The hard facts about your water

 Many options available for improving the quality of the water that we wash with, cook with and consume on a daily basis

     Are your water glasses spotty and is your laundry looking gray and faded? Do you have mineral buildup on your fixtures, faucets or sinks?

    If the answer to any of these questions is yes, then you likely have a need for a water treatment system in your home. Even more importantly, your water may harbor contaminants that could endanger your family’s health and should be tested.

    “Arsenic and lead are tasteless and odorless and prevalent in Genesee County,” said Greg Cornell, general manager of the Flint office of Culligan Water, one of the nation’s oldest and largest water treatment companies. “You should have your water tested periodically. You can either bring a water sample to our office or we will come out to your home.”

    Even though the U.S. Environmental Protection Agency (EPA) regulates and sets standards for public drinking water, homeowners often use a home water treatment system to improve water quality. These systems can reduce the hardness of the water, eliminate certain contaminants like arsenic or lead, or get rid of strong odors.

    “The biggest thing right now is arsenic issues,” said Scott Breckenridge of Beauchamp Water Treatment & Supply, on Old U.S. 23 in Brighton. “It’s a naturally occurring contaminant and cancer-causing but people don’t have to be scared by it because it (arsenic issue) is treatable. We remove it by reverse osmosis or with a whole house softener with an arsenic removal system added.”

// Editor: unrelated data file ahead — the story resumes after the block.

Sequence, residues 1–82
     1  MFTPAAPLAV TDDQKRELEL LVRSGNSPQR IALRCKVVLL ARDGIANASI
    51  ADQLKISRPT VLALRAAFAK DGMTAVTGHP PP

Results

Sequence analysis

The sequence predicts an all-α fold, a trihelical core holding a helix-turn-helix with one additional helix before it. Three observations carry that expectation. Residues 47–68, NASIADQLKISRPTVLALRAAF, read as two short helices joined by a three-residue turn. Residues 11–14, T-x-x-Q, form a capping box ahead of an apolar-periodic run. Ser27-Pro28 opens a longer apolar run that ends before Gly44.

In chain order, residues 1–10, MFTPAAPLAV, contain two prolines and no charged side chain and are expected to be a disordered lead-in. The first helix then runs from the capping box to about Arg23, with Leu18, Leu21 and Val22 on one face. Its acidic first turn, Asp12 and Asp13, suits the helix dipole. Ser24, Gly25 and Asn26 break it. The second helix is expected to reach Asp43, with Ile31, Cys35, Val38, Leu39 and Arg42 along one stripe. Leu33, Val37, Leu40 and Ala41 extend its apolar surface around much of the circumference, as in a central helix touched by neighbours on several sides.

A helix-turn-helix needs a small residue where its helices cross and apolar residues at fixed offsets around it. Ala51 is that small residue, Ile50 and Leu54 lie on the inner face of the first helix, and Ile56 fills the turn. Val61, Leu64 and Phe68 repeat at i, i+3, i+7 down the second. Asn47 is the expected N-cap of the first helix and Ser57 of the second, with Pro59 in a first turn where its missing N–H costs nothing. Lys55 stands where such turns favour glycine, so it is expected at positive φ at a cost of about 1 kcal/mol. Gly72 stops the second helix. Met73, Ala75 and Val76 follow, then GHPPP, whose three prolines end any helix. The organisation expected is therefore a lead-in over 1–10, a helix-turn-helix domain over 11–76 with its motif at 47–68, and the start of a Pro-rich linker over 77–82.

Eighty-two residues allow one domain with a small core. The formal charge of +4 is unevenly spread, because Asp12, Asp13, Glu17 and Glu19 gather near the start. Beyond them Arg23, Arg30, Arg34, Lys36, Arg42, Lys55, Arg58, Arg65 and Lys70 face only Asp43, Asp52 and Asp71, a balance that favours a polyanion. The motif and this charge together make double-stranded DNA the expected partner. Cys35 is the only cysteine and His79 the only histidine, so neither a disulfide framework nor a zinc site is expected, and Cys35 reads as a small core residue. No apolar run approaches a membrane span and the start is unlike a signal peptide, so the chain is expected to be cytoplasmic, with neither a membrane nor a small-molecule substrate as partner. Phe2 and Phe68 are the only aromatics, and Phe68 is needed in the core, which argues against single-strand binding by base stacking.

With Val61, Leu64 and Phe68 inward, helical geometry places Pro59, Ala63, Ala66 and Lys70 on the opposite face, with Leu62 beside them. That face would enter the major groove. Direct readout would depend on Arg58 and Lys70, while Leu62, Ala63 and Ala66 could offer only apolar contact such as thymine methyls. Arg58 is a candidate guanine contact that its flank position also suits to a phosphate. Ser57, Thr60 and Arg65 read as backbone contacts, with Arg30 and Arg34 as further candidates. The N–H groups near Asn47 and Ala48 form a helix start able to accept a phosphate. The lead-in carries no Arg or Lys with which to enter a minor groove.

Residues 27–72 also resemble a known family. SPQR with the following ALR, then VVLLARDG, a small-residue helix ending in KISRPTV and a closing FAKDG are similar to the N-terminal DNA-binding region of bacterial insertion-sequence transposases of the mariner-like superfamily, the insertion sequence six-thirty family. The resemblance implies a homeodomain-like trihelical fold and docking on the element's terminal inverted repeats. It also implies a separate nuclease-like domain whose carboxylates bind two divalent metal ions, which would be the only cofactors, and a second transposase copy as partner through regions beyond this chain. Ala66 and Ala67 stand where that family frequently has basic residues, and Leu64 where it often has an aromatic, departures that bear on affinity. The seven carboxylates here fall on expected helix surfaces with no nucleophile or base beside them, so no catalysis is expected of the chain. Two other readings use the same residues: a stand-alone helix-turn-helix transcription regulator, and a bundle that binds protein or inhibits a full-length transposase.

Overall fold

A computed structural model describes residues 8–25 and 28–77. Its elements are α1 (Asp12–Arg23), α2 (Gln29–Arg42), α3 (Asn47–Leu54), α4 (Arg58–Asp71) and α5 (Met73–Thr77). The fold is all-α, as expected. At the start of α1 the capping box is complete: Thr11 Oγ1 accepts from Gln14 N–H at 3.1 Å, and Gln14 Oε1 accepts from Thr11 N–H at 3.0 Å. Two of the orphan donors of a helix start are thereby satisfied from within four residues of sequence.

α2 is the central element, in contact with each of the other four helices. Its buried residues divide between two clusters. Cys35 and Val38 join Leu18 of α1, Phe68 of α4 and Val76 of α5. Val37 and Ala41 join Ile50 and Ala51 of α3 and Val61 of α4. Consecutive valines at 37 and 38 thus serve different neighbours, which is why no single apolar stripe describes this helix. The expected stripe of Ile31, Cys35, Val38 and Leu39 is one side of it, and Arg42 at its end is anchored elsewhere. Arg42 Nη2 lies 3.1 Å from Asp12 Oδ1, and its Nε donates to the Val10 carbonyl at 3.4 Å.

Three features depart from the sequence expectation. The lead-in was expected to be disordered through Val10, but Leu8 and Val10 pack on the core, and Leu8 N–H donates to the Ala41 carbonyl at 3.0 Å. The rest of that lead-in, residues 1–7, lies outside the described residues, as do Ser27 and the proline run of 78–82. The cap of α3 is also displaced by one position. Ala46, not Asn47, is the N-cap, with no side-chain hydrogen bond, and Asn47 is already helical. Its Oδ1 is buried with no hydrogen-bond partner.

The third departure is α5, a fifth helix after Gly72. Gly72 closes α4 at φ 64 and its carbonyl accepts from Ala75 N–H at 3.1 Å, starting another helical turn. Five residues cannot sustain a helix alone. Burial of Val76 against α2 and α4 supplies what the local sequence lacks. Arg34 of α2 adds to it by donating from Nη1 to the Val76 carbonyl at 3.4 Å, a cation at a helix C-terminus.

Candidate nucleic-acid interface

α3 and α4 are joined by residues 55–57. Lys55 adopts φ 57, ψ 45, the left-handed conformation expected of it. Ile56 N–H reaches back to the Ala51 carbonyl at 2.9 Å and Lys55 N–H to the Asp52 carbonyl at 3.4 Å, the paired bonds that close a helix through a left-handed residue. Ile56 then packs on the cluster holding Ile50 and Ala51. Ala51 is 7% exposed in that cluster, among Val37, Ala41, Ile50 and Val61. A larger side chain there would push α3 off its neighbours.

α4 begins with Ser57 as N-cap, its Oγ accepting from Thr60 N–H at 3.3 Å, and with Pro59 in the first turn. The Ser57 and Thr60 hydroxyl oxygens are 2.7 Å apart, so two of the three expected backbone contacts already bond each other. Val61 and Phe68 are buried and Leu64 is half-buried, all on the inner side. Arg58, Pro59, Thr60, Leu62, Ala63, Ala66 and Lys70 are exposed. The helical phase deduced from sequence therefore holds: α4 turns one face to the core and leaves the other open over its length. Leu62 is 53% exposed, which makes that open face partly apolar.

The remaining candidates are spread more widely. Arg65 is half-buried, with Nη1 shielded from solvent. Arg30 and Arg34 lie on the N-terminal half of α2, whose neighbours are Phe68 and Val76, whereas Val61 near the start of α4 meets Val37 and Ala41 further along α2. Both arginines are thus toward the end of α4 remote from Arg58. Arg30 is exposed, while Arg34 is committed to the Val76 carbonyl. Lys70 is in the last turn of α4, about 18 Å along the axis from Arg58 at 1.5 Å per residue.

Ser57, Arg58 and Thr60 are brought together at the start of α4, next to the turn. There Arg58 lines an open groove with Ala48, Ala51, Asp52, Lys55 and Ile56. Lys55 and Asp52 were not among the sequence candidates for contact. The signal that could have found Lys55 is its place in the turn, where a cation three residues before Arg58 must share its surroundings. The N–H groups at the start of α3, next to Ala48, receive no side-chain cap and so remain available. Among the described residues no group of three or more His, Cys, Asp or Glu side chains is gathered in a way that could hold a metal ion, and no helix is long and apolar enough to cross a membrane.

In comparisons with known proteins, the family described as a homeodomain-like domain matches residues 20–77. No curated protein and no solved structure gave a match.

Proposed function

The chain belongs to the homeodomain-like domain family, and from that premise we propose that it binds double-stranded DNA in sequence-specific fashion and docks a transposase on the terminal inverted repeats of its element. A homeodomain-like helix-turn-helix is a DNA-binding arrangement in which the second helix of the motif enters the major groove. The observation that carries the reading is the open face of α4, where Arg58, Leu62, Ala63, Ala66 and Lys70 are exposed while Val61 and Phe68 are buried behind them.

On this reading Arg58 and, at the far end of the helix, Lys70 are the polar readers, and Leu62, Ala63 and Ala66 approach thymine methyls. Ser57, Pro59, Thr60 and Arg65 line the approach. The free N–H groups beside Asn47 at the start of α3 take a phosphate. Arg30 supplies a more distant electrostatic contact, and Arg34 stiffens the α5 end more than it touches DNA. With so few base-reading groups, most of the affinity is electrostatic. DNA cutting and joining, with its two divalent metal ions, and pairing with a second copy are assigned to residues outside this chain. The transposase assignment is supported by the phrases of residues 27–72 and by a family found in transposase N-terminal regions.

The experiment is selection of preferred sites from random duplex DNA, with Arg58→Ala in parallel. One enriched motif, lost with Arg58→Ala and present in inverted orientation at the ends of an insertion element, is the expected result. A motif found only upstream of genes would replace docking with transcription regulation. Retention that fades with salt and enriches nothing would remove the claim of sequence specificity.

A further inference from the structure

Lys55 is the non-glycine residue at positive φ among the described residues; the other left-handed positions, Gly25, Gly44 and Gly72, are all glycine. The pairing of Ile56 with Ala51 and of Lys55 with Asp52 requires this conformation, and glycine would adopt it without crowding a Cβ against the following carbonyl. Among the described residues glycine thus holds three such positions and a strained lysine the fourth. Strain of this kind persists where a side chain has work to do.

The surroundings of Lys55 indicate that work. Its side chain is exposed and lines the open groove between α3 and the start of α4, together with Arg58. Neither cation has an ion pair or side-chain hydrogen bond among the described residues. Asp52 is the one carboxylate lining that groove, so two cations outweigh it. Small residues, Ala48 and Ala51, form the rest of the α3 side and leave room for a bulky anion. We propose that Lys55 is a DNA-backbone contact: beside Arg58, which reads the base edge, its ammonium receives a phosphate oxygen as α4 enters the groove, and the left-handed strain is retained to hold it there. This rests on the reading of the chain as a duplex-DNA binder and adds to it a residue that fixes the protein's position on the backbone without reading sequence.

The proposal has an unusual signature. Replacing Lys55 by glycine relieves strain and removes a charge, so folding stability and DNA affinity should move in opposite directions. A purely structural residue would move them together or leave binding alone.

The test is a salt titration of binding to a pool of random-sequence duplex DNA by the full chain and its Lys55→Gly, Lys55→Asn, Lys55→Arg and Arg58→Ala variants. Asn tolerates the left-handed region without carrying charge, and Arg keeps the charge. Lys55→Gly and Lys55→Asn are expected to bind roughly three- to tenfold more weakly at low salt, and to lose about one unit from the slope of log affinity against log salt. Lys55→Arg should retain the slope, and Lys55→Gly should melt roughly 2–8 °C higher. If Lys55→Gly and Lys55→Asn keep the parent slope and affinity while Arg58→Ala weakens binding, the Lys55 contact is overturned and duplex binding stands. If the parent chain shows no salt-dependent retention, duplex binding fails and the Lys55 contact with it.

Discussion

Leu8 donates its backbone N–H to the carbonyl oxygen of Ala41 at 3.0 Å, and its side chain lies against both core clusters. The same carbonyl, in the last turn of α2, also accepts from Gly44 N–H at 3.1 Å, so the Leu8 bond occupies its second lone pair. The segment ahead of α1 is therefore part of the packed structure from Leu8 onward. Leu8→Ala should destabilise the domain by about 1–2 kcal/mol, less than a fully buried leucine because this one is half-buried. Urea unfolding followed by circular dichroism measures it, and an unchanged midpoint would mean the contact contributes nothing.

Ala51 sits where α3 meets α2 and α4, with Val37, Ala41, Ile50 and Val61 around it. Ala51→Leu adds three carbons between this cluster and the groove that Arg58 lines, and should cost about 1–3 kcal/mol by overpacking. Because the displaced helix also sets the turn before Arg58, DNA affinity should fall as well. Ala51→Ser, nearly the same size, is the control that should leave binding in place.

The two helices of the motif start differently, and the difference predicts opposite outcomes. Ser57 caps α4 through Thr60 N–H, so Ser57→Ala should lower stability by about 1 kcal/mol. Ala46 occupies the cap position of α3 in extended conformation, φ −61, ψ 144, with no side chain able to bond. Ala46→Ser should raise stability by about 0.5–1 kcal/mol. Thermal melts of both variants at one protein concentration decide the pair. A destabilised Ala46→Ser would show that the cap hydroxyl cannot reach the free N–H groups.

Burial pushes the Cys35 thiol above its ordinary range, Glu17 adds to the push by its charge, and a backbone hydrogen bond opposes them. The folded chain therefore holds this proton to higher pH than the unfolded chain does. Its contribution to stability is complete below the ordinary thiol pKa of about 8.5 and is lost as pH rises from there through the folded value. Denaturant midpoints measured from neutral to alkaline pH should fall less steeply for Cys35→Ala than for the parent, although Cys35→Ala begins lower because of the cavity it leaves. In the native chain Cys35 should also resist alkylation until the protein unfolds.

Residential water treatment options include filtration systems, using a water filter to remove impurities from the water; water softeners that reduce the hardness of the water; distillation systems that boil impure water and reverse osmosis, which uses a semipermeable membrane to remove ions, molecules and larger particles from drinking water.

    The most common water treatment system in most homes is a water softener. Water softeners soften the water by removing minerals such as calcium and magnesium and replacing them with a softer mineral — sodium or potassium.

    You’ll notice cleaner laundry, smoother and softer skin, more efficient use of soaps and detergents and increased efficiency and longevity of water-using appliances like dish washers, water heaters and washing machines.

    “Water softeners are the basis of what we do,” said Jason Tiefenback, co-owner of Douglas Water Conditioning in Fenton. “It’s the first step in your home’s water treatment plan. The second step in purifying your water would be reverse osmosis, if you want a specific system for drinking water. The two work hand-in-hand.”

    Jim McIntyre, who founded McIntyre Soft Water in his hometown of Linden 58 years ago, specializes in solving water problems for people, whether it’s bacteria, iron removal, taste and odor removal, plus all different contaminants found in the water. His company trucks can be found locally, in the Thumb area and on the campus of Michigan State University, where technicians have been servicing and replacing huge dormitory water softeners for the past 18 years,

    Most local companies that specialize in water treatment also offer salt and bottled water residential delivery and pick-up, free water testing and other services.

    You can also purchase a water softener at local retailers, including Sears Hometown Store in Fenton.

    “Kenmore has three different models, from $399 to $599,” said Tim Stone, store co-owner. “When selecting a unit, we’ll ask you how many people are in the household, to determine water usage. Our top model is also ergonomically designed to make it easier for the homeowner to insert the salt.”

    Sears Hometown Store will also test your water for hardness and iron content, if you bring it in, Stone said.

    Original Source:

    Original Author: Sally Rummell

    Original Date: Jan 26 2018

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